Kádár Béla (1877 – 1956)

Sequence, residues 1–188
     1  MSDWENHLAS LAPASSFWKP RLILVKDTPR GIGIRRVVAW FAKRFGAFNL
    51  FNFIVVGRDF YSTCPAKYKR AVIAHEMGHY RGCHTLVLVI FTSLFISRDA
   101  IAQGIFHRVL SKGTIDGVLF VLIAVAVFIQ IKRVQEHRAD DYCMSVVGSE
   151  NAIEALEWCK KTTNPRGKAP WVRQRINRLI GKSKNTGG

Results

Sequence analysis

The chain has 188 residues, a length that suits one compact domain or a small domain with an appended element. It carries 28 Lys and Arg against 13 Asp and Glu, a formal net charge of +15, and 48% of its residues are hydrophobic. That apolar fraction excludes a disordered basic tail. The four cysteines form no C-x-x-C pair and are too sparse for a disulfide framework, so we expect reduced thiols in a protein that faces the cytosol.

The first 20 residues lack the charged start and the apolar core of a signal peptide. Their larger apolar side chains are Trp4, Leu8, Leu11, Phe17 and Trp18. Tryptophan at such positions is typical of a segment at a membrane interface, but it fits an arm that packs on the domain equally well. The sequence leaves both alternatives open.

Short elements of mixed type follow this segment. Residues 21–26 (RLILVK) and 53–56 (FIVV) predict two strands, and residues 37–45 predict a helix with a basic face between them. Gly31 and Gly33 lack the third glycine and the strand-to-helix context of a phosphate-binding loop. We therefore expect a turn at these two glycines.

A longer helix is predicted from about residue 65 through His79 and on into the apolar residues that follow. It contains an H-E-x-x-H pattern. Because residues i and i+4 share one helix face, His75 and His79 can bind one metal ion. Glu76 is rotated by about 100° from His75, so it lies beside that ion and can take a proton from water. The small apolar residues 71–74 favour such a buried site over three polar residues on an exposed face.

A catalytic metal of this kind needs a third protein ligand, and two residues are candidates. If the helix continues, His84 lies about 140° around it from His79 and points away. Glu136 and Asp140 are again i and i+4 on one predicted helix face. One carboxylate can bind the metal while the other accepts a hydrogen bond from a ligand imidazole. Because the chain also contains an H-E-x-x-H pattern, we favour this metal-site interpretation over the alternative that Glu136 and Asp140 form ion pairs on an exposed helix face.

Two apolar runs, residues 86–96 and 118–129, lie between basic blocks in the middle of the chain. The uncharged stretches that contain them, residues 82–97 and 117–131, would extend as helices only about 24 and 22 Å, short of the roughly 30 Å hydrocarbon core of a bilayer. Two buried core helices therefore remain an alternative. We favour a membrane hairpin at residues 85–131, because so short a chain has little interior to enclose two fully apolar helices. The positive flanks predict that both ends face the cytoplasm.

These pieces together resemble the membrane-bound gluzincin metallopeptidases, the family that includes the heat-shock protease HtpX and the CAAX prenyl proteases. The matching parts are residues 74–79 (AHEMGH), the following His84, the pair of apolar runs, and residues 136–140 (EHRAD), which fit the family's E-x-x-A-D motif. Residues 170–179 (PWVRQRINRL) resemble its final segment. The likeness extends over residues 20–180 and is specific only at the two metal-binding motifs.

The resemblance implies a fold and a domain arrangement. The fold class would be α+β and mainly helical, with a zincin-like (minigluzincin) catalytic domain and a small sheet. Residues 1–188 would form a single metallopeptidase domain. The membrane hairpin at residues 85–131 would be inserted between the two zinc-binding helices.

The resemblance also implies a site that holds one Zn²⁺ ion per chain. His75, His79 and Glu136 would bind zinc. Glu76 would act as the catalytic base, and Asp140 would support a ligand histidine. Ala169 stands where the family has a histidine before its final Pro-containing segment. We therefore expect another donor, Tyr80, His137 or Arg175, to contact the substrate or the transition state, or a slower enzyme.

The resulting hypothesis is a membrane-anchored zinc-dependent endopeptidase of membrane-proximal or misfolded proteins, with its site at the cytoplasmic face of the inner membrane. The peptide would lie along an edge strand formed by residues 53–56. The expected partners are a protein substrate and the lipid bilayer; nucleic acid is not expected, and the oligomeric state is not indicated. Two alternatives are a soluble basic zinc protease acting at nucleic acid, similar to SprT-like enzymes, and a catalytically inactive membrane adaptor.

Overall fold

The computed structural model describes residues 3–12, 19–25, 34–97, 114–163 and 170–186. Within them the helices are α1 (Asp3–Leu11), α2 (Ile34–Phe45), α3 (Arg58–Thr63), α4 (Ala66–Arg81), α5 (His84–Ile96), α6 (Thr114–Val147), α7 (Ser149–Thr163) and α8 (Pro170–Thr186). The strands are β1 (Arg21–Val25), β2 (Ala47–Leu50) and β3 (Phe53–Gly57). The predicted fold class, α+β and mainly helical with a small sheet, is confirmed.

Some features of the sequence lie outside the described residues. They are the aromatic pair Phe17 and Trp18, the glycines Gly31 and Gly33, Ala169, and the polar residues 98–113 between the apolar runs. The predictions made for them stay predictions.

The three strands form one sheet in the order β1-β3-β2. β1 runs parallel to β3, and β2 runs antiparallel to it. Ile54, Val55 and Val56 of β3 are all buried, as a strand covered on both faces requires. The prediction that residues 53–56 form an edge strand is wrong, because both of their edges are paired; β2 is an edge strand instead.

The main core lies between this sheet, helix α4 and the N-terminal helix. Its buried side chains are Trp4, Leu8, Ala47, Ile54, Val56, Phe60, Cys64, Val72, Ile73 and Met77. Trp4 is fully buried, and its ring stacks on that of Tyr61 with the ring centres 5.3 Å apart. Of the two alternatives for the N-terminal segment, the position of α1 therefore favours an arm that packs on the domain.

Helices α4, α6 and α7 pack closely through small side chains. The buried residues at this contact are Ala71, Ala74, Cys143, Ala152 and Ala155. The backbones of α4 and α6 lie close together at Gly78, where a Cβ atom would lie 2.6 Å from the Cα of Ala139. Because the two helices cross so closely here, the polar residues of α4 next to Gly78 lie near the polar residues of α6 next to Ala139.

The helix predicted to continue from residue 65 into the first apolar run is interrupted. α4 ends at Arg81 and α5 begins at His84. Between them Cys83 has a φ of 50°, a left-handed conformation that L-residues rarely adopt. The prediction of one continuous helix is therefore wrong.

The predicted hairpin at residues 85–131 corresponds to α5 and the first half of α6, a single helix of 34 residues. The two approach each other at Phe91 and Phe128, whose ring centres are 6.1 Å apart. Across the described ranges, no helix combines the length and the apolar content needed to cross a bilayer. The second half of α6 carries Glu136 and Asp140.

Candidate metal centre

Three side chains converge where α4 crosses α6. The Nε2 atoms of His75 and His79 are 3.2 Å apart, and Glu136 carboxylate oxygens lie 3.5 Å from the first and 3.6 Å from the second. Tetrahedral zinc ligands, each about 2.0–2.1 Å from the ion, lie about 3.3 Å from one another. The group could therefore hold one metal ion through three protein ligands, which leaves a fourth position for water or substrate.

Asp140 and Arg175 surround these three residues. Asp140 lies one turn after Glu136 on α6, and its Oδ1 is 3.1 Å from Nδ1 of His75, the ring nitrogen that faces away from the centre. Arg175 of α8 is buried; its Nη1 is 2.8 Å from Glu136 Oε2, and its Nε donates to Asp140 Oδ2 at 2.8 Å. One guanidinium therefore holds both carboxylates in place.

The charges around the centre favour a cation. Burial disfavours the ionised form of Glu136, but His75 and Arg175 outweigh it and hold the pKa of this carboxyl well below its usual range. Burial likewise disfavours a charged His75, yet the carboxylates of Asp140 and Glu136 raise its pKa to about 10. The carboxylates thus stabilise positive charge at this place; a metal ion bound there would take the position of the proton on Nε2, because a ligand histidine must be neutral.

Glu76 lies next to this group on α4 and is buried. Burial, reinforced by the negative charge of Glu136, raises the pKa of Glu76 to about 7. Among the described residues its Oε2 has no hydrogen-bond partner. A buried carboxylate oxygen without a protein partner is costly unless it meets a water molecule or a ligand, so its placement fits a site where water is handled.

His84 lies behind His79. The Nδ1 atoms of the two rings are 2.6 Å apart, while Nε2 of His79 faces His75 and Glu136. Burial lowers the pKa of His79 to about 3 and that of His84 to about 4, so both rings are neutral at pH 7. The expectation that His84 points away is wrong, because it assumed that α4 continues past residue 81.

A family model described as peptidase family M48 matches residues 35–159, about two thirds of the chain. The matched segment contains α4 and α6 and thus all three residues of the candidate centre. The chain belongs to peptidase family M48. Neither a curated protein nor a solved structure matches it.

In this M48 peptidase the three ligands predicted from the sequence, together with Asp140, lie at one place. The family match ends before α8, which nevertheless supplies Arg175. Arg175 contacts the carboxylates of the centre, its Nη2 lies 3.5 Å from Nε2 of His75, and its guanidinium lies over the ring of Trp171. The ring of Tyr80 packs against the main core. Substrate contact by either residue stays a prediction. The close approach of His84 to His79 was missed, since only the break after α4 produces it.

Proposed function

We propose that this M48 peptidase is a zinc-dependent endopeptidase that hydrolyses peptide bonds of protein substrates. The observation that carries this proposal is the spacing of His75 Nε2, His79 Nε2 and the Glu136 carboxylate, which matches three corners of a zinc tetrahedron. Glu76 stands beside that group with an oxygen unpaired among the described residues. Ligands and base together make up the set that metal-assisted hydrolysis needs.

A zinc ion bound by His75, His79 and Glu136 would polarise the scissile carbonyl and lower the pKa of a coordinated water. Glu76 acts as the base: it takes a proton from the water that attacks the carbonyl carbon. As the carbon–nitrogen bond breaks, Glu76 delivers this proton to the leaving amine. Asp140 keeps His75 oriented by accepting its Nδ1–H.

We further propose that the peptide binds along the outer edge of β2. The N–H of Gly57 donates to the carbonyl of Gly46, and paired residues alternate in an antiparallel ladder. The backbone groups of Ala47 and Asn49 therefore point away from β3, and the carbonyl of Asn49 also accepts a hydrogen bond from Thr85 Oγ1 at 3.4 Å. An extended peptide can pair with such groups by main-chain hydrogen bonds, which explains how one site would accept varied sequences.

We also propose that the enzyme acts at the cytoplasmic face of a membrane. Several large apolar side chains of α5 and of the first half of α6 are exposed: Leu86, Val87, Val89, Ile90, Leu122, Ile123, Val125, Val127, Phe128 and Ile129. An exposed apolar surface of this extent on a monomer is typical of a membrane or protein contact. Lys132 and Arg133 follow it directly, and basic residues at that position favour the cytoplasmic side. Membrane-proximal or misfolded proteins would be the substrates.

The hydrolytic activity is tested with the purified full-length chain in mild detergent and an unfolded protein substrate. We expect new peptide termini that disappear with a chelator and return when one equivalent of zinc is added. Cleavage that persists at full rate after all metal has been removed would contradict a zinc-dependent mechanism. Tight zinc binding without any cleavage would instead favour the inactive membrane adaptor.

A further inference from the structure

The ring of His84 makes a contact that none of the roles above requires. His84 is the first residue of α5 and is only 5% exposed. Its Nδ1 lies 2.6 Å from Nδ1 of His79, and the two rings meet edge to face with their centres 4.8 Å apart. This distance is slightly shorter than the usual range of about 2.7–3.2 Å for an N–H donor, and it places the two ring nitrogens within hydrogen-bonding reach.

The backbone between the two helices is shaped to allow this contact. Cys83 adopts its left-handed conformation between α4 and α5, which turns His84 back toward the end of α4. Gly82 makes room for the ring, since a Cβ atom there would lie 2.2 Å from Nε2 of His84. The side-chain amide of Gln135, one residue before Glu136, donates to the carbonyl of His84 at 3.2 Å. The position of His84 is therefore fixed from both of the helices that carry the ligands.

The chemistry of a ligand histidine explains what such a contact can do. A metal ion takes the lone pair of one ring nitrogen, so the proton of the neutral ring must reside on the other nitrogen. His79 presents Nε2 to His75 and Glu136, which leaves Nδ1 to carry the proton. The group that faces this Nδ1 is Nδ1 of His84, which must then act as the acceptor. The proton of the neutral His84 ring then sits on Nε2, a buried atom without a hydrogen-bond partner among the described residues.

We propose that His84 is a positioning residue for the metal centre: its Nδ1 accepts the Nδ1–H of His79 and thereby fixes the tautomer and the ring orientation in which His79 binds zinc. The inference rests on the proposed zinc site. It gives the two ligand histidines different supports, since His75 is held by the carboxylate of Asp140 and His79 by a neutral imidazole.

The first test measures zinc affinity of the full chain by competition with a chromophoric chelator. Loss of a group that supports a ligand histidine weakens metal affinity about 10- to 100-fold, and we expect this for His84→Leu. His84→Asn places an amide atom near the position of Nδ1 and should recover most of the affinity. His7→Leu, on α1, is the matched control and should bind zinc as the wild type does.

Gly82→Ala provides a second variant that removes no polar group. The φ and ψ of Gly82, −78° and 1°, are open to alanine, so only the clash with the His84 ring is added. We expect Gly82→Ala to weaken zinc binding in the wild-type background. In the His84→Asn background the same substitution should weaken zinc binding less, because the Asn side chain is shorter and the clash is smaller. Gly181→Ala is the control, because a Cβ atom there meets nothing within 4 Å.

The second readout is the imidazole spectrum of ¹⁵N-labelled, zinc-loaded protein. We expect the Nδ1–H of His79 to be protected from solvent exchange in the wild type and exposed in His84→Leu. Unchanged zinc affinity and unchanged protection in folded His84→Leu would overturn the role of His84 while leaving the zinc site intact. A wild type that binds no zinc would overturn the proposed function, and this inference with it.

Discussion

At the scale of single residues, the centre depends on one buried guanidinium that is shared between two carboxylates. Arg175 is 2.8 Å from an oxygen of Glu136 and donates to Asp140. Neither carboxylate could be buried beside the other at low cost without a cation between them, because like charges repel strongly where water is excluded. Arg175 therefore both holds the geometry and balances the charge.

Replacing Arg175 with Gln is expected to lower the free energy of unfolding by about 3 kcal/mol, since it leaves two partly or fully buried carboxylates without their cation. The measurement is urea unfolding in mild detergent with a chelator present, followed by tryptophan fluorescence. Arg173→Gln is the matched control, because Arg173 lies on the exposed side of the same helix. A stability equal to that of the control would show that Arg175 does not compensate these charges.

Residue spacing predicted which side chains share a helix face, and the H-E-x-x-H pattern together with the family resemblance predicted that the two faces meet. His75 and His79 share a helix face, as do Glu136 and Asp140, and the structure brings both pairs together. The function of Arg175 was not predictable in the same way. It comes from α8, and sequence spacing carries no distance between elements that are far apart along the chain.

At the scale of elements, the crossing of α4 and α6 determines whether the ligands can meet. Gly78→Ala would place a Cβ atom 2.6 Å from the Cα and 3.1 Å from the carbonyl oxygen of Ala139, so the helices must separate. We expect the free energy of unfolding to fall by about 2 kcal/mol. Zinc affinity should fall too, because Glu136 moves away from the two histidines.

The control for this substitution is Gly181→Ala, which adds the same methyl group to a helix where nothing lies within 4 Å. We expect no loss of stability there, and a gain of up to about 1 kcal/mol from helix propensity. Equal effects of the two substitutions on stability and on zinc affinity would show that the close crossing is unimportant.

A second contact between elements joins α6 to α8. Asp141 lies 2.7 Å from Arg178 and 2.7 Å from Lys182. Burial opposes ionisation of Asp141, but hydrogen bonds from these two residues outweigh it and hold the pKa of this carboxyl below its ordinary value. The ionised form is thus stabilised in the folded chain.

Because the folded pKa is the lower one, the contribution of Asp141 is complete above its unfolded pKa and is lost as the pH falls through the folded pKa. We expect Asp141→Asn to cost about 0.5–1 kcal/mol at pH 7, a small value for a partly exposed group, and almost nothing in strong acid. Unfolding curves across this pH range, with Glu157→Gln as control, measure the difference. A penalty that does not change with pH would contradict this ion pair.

Born into a working class family of Jewish origin, he was among the best-known interpreters of Hungarian avant-garde of the first half of the twentieth century. He began his artistic career painting murals in Budapest. The Hungarian climate following the First World War, however, pushed him to move away from the homeland, first to Paris and then to Berlin, the city where it will hold his first exhibition in 1923, at the gallery Der Strum. Kadar had his peak of popularity in the decade from 1920 to 1930, exposing all over the world: New York, Philadelphia, Berlin and even in his native Budapest. His work changed over time from the powerful expressionism of the debuts, to the romantic tones in which he elaborated in a metaphysical key the typical themes of Hungarian cultural tradition and its legends. Over the years, he adapted his art and techniques to the different currents, from futurism to cubism, from constructivism to neo-primitivism, condensing them into a highly personal style close to the imaginary dreaming of Marc Chagall. Much of his vast production was unfortunately stolen or destroyed during the Nazi era: what has come down to us, and is now exhibited in museums around the world, allows to be numbered among the great masters of the last century.